Our local Sears store still does it. I would imagine they all do. We have a Sears softener, fwiw.
posted by Thorzdad at 11:37 AM on July 2, 2009


I went to Sears to look at dishwashers and water softeners yesterday. The guy had no idea about the softeners, said he sold only one in the last year. Lowe's wasn't helpful either. Even the plumbing company we use from time to time didn't have much useful information. I'm relying on the internet at this point :)

I also saw some less-than-great stuff about the Kineticos. Sounds like they might be outside my budget anyway...
posted by missuswayne at 1:28 PM on July 2, 2009


By the way, I've been thinking about a softener, and read with interest the Kinetico recommendation above. A quick search reveals that not all are as enamored with the system, citing the high maintenance cost and the non-user-serviceable parts.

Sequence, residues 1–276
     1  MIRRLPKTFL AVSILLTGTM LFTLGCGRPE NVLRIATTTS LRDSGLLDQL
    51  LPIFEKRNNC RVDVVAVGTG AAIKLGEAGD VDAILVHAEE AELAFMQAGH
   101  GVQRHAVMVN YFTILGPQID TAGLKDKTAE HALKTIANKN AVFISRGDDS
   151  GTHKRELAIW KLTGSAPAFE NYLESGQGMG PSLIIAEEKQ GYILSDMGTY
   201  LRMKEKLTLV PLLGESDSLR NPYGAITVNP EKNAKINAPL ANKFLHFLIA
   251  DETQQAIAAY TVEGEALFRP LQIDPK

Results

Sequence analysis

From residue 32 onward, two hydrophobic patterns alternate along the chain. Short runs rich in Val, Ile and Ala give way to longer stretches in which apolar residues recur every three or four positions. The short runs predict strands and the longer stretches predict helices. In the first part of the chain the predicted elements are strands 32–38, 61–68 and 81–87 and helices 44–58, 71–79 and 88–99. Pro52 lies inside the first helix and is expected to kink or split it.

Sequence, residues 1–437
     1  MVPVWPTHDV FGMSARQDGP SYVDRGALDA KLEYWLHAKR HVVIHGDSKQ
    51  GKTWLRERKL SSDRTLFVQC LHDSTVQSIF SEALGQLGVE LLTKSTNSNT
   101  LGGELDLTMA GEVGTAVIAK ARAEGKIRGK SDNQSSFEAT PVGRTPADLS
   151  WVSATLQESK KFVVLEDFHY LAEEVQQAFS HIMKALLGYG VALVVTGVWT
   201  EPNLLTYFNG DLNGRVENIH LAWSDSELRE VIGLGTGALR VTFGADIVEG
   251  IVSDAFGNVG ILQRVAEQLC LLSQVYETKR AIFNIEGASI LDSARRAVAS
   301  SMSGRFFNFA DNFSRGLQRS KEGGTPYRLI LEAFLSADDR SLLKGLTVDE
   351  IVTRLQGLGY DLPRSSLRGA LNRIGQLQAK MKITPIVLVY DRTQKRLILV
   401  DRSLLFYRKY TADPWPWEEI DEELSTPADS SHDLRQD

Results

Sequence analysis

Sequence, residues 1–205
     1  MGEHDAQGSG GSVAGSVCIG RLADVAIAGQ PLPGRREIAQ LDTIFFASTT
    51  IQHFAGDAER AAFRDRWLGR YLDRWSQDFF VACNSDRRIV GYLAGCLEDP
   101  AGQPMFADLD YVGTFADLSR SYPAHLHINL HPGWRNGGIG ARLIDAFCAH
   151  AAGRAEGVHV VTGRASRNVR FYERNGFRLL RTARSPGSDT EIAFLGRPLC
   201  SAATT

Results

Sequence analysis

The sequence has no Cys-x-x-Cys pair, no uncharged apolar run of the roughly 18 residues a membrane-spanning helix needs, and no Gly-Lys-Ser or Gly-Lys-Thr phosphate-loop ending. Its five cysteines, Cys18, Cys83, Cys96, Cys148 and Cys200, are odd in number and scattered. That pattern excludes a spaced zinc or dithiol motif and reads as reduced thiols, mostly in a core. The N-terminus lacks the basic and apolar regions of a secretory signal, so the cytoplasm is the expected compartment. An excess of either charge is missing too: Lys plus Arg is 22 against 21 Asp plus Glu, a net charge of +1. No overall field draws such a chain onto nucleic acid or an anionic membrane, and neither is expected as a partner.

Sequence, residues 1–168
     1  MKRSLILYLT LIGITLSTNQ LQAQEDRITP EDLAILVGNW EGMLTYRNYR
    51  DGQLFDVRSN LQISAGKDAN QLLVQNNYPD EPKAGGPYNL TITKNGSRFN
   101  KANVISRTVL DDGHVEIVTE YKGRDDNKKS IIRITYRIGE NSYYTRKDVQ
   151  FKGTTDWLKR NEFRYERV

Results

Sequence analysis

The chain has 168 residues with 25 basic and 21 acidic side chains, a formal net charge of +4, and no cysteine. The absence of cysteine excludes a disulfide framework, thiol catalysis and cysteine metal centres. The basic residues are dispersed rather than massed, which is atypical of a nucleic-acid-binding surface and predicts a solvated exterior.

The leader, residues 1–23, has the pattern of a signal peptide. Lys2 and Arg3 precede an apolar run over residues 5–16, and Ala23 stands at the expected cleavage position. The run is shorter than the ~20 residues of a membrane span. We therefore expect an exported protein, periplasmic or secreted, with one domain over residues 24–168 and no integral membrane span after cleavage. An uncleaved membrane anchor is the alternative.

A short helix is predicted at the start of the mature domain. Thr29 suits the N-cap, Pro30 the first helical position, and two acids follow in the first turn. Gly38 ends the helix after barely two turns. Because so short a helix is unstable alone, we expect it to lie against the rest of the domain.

I think you'll find someone with an axe to grind about any product or service. I won't speak for anyone else, but our Kinetico system has been problem free from Day One. It's as efficient, quiet, and low maintenance as advertised -- all we have to do is add the salt and change a filter at the sink once a year. By contrast, our previous water softener and filteration systems (Rayne and Culligan) were nothing but problems; we wasted a lot of money trying to keep them in working order. It's been 100% worth it in our case (and after we finished negotiating with them, we didn't pay much more than an equivalent system from a local competitor would have cost).

Do your homework and get the system that best fits your needs, as you would with anything else.
posted by LuckySeven~ at 4:04 PM on July 3, 2009


« Older How can I develop more of an a...   |  Which way is West?... Newer »
This thread is closed to new comments.